Improving Outcomes through Coordinated Health and Justice Systems
Better serving high-needs residents through integrated systems of care.
Familiar faces are individuals who frequently cycle through jails, homeless shelters, emergency departments and other crisis services.
Over time, these individuals become familiar faces to county and city workers in these sectors. Familiar faces often have complex health and behavioral health conditions that can result in overuse of these costly services without improving their situations, leaving communities paying for poor outcomes.
Communities have developed multiple interventions and services to address the needs of familiar faces.
However, care is fragmented across providers with limited coordination from one system to another, leading to inconsistent and ineffective care for high-need residents. Further complicating care and response, in many communities there are few alternatives to jails or emergency departments, leaving police and other first responders with limited options in a behavioral health crisis.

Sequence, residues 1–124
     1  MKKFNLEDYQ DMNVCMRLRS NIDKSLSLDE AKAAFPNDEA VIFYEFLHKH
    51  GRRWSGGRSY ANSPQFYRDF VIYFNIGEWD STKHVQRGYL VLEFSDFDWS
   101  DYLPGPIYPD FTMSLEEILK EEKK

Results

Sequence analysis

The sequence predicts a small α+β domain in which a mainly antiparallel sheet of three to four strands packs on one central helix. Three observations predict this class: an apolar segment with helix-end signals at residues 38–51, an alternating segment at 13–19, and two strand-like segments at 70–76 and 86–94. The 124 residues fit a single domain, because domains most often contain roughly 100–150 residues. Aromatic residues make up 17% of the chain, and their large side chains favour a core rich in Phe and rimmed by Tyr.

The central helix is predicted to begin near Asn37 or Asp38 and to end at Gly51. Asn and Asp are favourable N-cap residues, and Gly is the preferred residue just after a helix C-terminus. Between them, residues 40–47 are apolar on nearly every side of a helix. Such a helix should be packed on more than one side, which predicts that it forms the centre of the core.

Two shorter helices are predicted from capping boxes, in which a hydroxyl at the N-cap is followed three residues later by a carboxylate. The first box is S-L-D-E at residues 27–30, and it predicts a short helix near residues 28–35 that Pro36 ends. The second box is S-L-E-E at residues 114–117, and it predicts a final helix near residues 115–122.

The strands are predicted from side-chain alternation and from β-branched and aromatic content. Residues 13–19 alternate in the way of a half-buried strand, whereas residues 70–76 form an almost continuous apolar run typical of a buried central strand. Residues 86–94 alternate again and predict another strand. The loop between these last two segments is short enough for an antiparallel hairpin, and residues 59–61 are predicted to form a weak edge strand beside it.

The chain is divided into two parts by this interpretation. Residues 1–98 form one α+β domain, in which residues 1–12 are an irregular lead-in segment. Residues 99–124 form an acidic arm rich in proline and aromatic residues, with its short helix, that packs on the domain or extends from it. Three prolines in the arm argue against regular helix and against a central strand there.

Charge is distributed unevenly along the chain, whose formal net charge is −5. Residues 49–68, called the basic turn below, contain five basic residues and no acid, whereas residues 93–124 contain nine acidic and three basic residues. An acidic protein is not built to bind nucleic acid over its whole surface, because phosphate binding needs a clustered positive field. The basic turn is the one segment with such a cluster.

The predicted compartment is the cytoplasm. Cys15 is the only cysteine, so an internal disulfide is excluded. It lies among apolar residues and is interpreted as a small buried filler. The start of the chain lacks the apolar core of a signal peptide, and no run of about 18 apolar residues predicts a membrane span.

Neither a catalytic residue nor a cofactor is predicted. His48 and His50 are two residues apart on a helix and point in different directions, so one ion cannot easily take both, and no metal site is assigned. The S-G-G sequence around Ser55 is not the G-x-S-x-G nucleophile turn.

We seek better outcomes
and lower incarceration rates for vulnerable, high-need residents.
We empower communities
to share data between health and justice systems so they can identify familiar faces of multiple systems, connect them to services and break the cycle of justice system involvement and hospital usage.
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Contact Nina Ward, Senior Program Manager for Behavioral Health and Justice with any questions: firstname.lastname@example.org.